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Paying Back
Chatham County Line & Jonas Fjeld

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About the video

Jonas Fjeld and Chatham County Line perform "Paying Back" on the Friday
night program "Grosvold." Check out their new album "Brother Of Song."

About the artists

Based in Raleigh, N.C., Chatham County Line consists of flatpicker Dave Wilson,
banjo picker Chandler Holt, upright bassist Greg Readling and
multi-instrumentalist John Teer. The guys first met in 1996. Wilson was playing in
Stillhouse, a rock 'n' roll band with a freewheeling Crazy Horse bent and a
passion for both the Byrds and the Band. He was also living in the Blue House,
an infamous Raleigh crash pad and romper room for the area's hottest young
musicians. Wilson had been fooling around with traditional acoustic music with
another Blue House regular. Before long, Readling, who was just learning to play
pedal steel, came over to jam.

Somehow, Holt got wind of a massive party one night at the Blue House where
Stillhouse, in its earliest incarnation, would be playing. He and Teer, tired of
playing with people enraptured by the Southern rock thing, were intrigued "to
hear these guys playing original country music that didn't suck," as Holt recalls.
At the party, they befriended Wilson and began occasionally sitting in with

Over a beer one night, Wilson asked the guys if they were interested in starting
a bluegrass band. At the same time, Wilson and Readling, who'd quickly become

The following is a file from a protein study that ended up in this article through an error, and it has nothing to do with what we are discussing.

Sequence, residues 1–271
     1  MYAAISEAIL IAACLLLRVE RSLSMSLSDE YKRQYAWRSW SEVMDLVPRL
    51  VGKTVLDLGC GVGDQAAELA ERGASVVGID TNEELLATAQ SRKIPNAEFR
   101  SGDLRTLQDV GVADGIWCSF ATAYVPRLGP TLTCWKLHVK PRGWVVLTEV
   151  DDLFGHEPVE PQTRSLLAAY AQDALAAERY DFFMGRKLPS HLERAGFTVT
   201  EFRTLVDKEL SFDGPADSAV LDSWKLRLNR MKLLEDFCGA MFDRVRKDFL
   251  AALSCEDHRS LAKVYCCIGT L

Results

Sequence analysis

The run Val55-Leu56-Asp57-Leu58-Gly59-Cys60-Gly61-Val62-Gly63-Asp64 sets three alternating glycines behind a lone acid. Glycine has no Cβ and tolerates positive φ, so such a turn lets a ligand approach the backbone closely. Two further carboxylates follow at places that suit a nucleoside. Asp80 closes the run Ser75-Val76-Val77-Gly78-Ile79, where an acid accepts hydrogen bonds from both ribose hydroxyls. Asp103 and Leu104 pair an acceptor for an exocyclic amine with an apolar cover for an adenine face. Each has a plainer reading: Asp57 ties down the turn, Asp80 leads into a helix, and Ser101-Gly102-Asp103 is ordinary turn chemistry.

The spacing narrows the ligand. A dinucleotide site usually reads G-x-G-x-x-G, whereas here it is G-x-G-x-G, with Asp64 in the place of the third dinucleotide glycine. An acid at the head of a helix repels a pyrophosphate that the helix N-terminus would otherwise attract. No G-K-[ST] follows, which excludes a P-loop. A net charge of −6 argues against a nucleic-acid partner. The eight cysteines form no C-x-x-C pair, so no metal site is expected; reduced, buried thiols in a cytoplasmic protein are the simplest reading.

a pedal steel ace, joined the Carbines, Tift Merritt's band. The boys recorded
and toured with Merritt, and Chatham County Line was often pegged as the
opener. Producer Chris Stamey saw them open for Merritt and offered to record
them and landed them a deal with Yep Roc Records.

Dubbing themselves "new traditionalists," CCL toured America for a year,
bringing home tales of wild, serendipitous adventures, such as their "guerilla
bluegrass" escapades in Times Square and Grand Central Station after their
August 14, 2003, gig was canceled (that was the date of the massive New
England blackout that left NYC in a state of commotion). During a cross-country
trip in July 2004, the band joined Arlo Guthrie at the Woody Guthrie Folk Festival
in Oklahoma, then picked up the best new bluegrass band award at the
RockyGrass bluegrass competition in Lyons, Colo.

In fall 2004, the band teamed with Stamey again, heading into Mitch Easter's
famed Fidelitorium to record a batch of songs live to analog tape. The resulting
album, Route 23, was released on Yep Roc in 2005, while Brian Paulson
stepped in behind the board for 2006's Speed of the Whippoorwill. Since taking
their act on the road, Chatham County Line have been named Best New
Bluegrass Band at the 2004 RockyGrass Competition in Lyons, CO, while
receiving similar honors at the 2006 Indie Music Awards. They released IV in
2008. ~ Mark Deming, All Music Guide